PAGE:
The chassis is one of the most or even the most important assembly group of a vehicle as it is the main support structure. It is the load bearing framework and stabilizing the vehicle against external impacts. Therewith, the chassis is crucial for the safety but also for the optimum driving comfort. For battery electric vehicles, it needs to provide maximum space for the batteries which are usually placed in the sub-structure. Thus, chassis applications are facing several technical and sustainability challenges.
The omni-present topic of lightweight does not stop for chassis applications. Weight reductions mean more energy efficiency but also the possibility of weight compensation due to further equipment for passenger comfort and safety or due to heavy batteries.
Stainless steel is a traditional but also innovative material, continuously developing according to human and industry needs. This paper presents the latest material development of temper rolled 1.4376 for use in chassis applications. It offers a combination of high strength and high elongation, which can solve several safety and design aspects. Finally, cost-competitive and sustainable lightweight solutions can be achieved. All this makes this stainless steel pioneering and extremely interesting for chassis concepts.
Barbara Mundt, Lukas Christopher Schröder
Comfort Evaluation on a Dynamic Driving Simulator with Advanced Tire, Road and Vehicle Models
The topics of automated driving and digitization are becoming increasingly important and have the potential to shape the future of mobility. Concurrently, manufacturers want to continue to differentiate themselves through driving characteristics typical of their brands. Rapid developments regarding technological changes as well as legal regulations combined with short development times present new challenges for the entire automotive industry. In this context, virtualization and front-loading methods play a major role within the vehicle development. There has been a clear trend of pushing virtual development via simulation to reduce the number of necessary prototypes. However, since both engineers and management still rely heavily on the crucial insights gained by real road tests, subjective closed-loop assessment must remain a part of this virtual process. Driving simulators have the potential to bridge these gaps, allowing engineers and test drivers to subjectively experience and assess new systems in an early virtual phase of development.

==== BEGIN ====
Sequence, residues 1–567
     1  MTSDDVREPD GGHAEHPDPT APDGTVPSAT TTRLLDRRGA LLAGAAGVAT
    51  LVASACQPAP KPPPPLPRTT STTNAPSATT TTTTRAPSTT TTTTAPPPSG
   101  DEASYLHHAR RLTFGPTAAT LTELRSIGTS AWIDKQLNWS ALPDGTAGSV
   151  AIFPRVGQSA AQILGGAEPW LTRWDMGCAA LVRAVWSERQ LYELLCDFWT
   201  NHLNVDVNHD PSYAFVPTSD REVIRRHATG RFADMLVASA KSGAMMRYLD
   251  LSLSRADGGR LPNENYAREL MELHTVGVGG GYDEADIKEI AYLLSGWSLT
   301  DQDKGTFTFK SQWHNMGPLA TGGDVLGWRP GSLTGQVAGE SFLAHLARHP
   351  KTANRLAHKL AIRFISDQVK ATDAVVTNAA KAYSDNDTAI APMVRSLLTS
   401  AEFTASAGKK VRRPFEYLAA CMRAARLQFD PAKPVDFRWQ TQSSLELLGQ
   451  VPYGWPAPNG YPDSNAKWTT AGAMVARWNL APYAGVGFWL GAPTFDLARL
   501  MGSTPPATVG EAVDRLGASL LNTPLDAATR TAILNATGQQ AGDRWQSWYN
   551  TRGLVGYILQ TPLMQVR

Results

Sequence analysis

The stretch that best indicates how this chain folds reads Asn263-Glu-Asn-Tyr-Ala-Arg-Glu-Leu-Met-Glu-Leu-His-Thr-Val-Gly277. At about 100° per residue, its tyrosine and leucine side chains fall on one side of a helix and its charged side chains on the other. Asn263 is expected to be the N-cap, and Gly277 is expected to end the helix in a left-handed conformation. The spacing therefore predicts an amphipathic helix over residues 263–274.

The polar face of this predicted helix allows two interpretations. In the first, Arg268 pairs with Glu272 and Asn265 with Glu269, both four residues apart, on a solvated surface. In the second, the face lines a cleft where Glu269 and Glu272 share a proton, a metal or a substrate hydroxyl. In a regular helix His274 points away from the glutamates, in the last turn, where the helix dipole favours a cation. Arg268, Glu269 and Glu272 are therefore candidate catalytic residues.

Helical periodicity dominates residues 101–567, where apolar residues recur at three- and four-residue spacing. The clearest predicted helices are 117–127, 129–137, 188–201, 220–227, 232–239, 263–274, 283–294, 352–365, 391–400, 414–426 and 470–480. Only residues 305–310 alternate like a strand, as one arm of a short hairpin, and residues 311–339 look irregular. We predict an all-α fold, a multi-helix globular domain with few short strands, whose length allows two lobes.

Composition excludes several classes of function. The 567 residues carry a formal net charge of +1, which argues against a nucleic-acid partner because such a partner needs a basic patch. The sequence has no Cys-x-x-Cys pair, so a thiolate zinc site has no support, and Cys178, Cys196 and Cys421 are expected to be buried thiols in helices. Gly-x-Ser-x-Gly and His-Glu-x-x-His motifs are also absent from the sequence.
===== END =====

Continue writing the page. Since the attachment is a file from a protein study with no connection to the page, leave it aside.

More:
Kempten University of Applied Sciences is working with technology partners to research and further develop their dynamic driving simulator. With the goal to develop use-case specific methods for virtual vehicle development, the simulator’s novel motion platform is used specifically for research projects in areas requiring high dynamic performance such as vehicle dynamics and ride. This paper describes the methods and solutions developed in an R&D project investigating the simulator’s capabilities for ride comfort evaluation, such as primary & secondary ride. With the goal to enable experienced test drivers to perform a subjective ride evaluation in a very early development phase, the simulator’s real-time environment was extended with the highly sophisticated tire model FTire. This paper provides an overview of the system’s performance regarding subjective ride assessment. It presents a brief insight into the detailed road modelling and describes the measures taken to ensure real-time capability of the individual model interfaces. Objective performance evaluation shows the benefit of this work for comfort evaluation in early phases of virtual development.
Benjamin Rieff, Maximilian Böhle, Stefan Vorderobermeier, Bernhard Schick
Subjective / Objective Assessment of a Cable-Driven Simulator Immersivity and Realism
The assessment of driving simulator immersiveness and realism is a relevant problem. Driving simulators are reputed to be professional development tools only, but their use by a large sample of subjects is, however, crucial for automated vehicles development or for Human-Machine-Interface studies.
At Politecnico di Milano, engineers and psychologists from Vita-Salute San Raffaele University, have completed an assessment of a cable driven driving simulator to check immersiveness and realism. Both subjective and objective measurements have been made testing ordinary (non-professional) drivers in presence of other road users during an immersive experience.
The main focus was on motorway running conditions since UN-ECE Regulation 157 (Level 3 automated vehicles) refers to such a scenario.
Before starting the driving experience, driving styles and emotions were assessed. Biological signals referring to eye tracking, gaze tracking, skin potential response, heart rate variability, forces and moments applied by each hand at the steering wheel were recorded during the driving (objective assessment). The DiM400 provided good immersiveness and allows a large experimental test campaign with ordinary drivers in a scenario relevant for UN-ECE 157 Regulation. After the driving simulation experience on the simulator, non-professional drivers reported average or above-average values of realism.
F. Cheli, M. Gobbi, S. Melzi, G. Previati, A. Somma, L. Del Linz, D. Minen
Gaining Insight into Cross-Functional Vehicle Behavior—Usage of a Vehicle Dynamics Model in Objective and Subjective Full Vehicle Simulation